Your visitors will see your forms aren't secure with new Google update
Are your website forms secure? If you don't immediately know the answer to that question for your company website, consider this big news from Google a wake-up call.
By Karisa Hamdi
It’s no secret that security is a huge concern when it comes to your information, especially on the internet.
Moreover, as a business, you know it's more important than ever before to guarantee that your site is secure — in fact, your ideal buyers expect it and will often abandon your site if they see a warning that your site isn't secure.
🔎 Related: How secure is your site? (5 tips for every business)
This is why it’s so important for you to know beyond the shadow of a doubt that your company website is secure with HTTPS, so your traffic is encrypted. (That way your website visitors can rest easy knowing third parties can’t steal their information.)
A secure website vs. a not secure website
Having a secure website instantly builds trust with your visitors. When they see that your site is secure, you’re saying to them, “We are serious about keeping your information secure.”
Here’s an example of a secure website:
You know this website — yes, our website — is secure because of the lock icon at the top. On top of that, no warnings are displayed.
When you visit a website that isn't secure, you know it immediately by the “Not Secure” message next the URL rather than a lock icon.
Often there the lock icon in the address bar appears to have a red error and huge warning messages, as well.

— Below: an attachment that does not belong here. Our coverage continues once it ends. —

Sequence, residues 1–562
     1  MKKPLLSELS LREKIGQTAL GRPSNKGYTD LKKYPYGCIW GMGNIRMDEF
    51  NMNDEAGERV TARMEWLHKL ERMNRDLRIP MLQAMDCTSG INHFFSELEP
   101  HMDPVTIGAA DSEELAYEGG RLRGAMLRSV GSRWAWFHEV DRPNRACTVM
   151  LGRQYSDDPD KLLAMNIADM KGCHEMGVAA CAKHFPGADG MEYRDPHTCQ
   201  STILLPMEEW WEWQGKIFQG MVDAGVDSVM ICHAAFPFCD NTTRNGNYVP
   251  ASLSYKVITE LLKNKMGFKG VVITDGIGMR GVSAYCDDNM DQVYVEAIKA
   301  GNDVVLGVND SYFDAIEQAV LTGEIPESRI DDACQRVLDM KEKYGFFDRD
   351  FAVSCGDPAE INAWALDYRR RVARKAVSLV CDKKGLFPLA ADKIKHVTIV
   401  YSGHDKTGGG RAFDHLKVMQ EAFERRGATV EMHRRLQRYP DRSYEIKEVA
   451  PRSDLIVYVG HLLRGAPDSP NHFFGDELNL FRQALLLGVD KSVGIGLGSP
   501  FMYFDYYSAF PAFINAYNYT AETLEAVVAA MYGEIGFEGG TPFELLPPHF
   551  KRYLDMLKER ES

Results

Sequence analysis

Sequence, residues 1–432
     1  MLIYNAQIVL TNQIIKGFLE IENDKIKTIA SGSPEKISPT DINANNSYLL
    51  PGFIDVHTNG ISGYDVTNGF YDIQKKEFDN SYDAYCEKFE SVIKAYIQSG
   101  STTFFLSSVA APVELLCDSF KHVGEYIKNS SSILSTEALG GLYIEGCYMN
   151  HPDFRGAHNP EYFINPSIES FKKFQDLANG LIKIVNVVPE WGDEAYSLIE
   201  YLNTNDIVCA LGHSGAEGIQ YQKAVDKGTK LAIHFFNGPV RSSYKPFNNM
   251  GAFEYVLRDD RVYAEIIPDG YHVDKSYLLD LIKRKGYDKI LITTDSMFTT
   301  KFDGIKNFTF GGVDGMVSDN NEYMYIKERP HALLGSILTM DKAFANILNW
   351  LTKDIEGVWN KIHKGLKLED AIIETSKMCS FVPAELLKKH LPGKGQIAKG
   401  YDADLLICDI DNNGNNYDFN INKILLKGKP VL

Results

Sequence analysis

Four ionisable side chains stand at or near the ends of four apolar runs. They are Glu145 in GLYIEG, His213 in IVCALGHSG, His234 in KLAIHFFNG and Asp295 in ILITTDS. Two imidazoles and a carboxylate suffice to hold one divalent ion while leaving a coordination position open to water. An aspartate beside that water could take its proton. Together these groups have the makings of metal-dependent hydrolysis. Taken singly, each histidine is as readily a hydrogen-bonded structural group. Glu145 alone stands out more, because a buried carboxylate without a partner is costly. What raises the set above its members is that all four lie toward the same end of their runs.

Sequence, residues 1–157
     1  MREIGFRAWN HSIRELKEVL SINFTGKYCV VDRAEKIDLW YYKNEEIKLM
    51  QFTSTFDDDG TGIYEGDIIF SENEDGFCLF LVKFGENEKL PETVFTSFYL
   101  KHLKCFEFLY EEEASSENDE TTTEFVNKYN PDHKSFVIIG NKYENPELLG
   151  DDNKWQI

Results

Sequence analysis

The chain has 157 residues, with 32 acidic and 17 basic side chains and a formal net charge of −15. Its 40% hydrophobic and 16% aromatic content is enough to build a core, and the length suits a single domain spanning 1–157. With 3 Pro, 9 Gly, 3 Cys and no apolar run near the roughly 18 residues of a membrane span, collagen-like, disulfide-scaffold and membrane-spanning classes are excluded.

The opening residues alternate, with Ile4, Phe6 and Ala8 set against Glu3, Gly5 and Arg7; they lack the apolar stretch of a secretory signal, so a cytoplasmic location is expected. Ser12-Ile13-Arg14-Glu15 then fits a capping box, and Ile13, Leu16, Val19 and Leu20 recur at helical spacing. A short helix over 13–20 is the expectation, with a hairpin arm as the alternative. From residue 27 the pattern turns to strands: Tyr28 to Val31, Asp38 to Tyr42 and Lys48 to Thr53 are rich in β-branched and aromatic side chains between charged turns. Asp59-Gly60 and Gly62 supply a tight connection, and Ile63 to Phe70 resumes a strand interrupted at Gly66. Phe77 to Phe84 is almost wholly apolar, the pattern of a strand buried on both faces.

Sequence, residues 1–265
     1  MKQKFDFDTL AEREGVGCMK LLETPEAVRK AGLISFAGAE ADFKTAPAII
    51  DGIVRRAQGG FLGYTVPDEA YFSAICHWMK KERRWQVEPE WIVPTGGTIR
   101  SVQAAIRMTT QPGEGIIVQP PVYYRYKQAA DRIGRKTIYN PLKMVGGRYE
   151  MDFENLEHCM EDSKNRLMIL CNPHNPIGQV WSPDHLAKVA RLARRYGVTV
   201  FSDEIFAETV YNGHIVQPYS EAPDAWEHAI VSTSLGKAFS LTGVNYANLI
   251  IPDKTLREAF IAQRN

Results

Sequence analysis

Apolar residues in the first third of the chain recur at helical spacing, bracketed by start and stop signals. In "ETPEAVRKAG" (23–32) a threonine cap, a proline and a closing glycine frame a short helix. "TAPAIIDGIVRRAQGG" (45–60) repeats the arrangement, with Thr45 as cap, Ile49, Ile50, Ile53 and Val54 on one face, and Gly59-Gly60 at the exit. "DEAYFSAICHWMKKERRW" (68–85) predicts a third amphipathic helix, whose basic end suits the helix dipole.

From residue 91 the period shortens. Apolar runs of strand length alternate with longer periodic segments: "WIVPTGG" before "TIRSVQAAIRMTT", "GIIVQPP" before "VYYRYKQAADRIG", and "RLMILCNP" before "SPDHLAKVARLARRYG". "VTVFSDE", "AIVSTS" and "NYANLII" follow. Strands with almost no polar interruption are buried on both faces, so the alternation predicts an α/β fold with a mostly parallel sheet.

But of course, just having the right lock icon and an SSL certificate is not everything it takes to make your website secure.
What about your site's form security?
When I ask that, what I mean is, can you say with certainty that the forms you use on your website to collect visitor, lead, or customer data are secure?
At this point, you’re probably thinking:
“Huh? I haven’t even thought about form security before. To be honest, I thought if my site was secure, my forms were, too. Is that not the case?”
If this is you right now, don't sweat it. You're not alone in thinking this. On top of that, Google has your back.
Starting in October, Google will notify you if a form is not secure
They noticed that even if you have a secure website there is still a security liability with your forms. If you have forms that collect hypersensitive information like passwords, other personal data, and even just your email address. That is an opportunity for that information to exploited by third parties.
Google has a new update to help business owners like you understand what forms on your website are secure and which aren’t and they’re doing this by adding a new feature in their Chrome 68 update in October.
According to Google's Chromium Blog, these warnings will look something like this when you start to fill out the form:
And then an additional warning will show as you hit submit:
You need to take action on form security immediately (seriously, don't wait)
As you read this you may be questioning if your forms are secure — good, this is the precise question you should be asking. You know your website probably is, right? But what about your lead capturing tool?
An easy way to tell if your forms are secure to see if your embedded form uses HTTPS, but this article from Luxsci dives deeper into some of the more technical or complex steps you may need to take.
Google won't start notifying you of form security until October, so what do you do right now? You need to take proactive steps to guarantee the security of your site and your forms immediately.
Otherwise, once October rolls around, your website visitors may be greeted with errors and warnings about your forms that may leave them feeling hesitant to fill them out at all. You do not want that to happen.
Use these resources to help make sure your website AND your forms are secure and your data is being kept safe:
By focusing on the security of not just your website but also your forms you will prevent yourself from potentially missing out on qualified leads because Google is going to start telling people when your forms aren’t secure.
Wondering where to begin?